GENEVA (9 September 2018) - The UN High Commissioner for Human Rights Michelle Bachelet said today that she is extremely concerned that an Egyptian court’s confirmation of 75 death sentences on Saturday did not result from a fair trial, and the sentences, if carried out, would therefore amount to “a gross and irreversible miscarriage of justice”.
She also pointed to the stark contrast between Egypt’s mass trials and a recent law that effectively grants members of the security forces complete immunity for crimes they may have committed.
The death sentences were originally imposed during a mass trial in July in which a total of 739 people were convicted on charges that stemmed from a Muslim Brotherhood-led protest, in August 2013, which was met with a lethal military crackdown.
“The conduct of the trial in the Cairo Criminal Court has been widely criticised,” Bachelet said. “And rightly so. The 739 people were tried en masse, and were not permitted individual legal representation before the court. In addition, the accused were not given the right to present evidence in their defence, and the Prosecution did not provide sufficient evidence to prove individual guilt. The evident disregard of basic rights of the accused places the guilt of all those convicted in serious doubt. In particular, the 75 death sentences affirmed yesterday, if implemented, would represent a gross and irreversible miscarriage of justice.
“I hope that the Egyptian Court of Appeal will review this verdict and ensure that international standards of justice are respected by setting it aside,” she added.
The charges included murder and incitement to violence, membership of an illegal group, participation in an illegal gathering, and other crimes. In addition to the death sentences, 47 people were sentenced to life imprisonment, while the remainder were handed jail terms of varying length.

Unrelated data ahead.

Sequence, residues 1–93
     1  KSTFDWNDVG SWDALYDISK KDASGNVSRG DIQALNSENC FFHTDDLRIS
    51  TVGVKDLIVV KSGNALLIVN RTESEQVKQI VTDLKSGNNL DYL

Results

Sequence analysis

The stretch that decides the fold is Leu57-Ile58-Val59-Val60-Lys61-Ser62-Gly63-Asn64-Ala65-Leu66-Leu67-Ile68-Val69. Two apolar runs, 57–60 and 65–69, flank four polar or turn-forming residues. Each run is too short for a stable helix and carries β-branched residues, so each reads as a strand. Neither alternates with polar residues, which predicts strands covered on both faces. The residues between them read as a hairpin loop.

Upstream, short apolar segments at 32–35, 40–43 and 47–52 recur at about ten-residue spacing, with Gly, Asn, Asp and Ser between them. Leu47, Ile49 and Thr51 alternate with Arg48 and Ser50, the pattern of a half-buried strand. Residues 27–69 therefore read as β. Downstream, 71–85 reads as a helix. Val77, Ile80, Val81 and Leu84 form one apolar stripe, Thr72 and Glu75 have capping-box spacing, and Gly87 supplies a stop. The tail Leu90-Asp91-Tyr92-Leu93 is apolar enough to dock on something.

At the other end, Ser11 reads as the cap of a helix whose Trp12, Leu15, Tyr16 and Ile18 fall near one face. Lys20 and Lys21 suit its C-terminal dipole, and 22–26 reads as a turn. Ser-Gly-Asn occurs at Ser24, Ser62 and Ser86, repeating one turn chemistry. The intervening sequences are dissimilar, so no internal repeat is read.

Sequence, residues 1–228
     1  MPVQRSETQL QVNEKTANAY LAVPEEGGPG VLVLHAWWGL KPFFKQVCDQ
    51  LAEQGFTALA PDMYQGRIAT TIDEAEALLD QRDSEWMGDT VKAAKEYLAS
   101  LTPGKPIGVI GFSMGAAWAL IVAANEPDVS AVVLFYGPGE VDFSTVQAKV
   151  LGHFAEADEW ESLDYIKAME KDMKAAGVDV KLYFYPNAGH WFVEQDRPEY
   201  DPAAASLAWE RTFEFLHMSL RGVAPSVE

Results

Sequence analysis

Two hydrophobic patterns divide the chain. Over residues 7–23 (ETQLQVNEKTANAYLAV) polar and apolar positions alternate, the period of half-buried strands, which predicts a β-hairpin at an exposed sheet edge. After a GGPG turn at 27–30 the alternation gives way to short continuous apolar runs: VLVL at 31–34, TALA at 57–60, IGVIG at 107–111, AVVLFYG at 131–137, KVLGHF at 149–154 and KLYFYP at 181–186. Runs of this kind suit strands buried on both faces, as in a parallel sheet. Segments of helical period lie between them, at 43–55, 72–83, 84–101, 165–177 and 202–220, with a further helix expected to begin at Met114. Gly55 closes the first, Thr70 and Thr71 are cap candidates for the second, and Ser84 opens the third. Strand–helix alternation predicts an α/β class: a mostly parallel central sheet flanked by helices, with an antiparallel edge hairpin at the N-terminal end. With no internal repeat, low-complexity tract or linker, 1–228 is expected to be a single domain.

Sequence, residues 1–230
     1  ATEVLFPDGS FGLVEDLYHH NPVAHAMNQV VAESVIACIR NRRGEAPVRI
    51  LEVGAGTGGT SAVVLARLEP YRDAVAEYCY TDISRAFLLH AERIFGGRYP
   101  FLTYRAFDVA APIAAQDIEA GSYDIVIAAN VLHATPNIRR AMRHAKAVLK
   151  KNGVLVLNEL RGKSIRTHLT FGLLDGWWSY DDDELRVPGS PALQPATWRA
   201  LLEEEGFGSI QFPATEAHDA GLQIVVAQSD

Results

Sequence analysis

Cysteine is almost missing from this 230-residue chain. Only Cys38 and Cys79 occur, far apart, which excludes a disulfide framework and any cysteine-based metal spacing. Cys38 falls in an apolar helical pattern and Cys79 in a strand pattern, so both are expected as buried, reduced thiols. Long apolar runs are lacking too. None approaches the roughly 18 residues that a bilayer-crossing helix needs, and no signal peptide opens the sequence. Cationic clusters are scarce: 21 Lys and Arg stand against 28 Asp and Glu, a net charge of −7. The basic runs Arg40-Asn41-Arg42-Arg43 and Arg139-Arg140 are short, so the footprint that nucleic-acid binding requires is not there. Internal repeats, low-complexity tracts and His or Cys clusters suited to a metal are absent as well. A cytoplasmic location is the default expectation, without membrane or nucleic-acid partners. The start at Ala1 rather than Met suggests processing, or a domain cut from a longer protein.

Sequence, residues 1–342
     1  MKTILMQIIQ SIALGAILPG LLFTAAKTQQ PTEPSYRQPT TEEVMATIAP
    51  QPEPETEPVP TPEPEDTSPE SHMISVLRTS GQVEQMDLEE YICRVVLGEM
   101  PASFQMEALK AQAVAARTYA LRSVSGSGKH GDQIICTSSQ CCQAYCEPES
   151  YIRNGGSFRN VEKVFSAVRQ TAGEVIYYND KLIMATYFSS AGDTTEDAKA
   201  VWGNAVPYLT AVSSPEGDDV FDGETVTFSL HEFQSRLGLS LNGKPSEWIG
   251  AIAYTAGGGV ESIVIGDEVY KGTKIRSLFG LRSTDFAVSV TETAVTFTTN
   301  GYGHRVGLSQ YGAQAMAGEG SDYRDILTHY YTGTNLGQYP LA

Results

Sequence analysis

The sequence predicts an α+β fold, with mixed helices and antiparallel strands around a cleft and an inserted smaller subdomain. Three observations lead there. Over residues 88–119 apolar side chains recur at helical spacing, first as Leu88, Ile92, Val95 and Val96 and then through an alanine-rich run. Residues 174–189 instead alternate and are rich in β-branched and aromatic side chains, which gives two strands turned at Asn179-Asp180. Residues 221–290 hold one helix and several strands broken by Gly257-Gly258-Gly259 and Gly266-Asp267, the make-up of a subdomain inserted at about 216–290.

A series of mass trials in Egypt have involved hundreds of cases being heard at the same time, and have raised many of the same issues about due process and fair trial standards.
The military crackdown on Muslim-Brotherhood led protests in the Rabaa al-Adawiya and al-Nahda squares in Cairo on 14 August 2013, is alleged to have led to the killing of up to 900 mostly unarmed protesters by members of the Egyptian security forces. The Government later claimed that many protesters had been armed, and that a number of police were killed.
Despite the huge death toll, no State security personnel have ever been charged in relation to the so-called ‘Rabaa massacre’.
In July this year, the Egyptian Parliament approved a law* that will effectively bestow immunity from prosecution on security force personnel for any offences committed in the course of duty between 3 July 2013 – the date the military overthrew the Government of President Morsi – and 10 January 2016. The law permits the President to designate a number of officers as lifelong reserves, and grants them the immunities and privileges of a sitting Government minister, including diplomatic immunity when travelling abroad.
“Justice must apply to all – no one should be immune,” the High Commissioner said. “Attempts to bestow immunity from prosecution for crimes allegedly committed by members of the security forces merely promotes impunity, and undermines the faith of the Egyptian people in the Government’s capacity to deliver justice for all. I urge the Government of Egypt to ensure that justice will be done, according to law, in relation to any individuals – including members of the State security forces – who are suspected of committing a crime.”
* ‘Law Governing the Treatment of Certain Senior Commanders of the Armed Forces’
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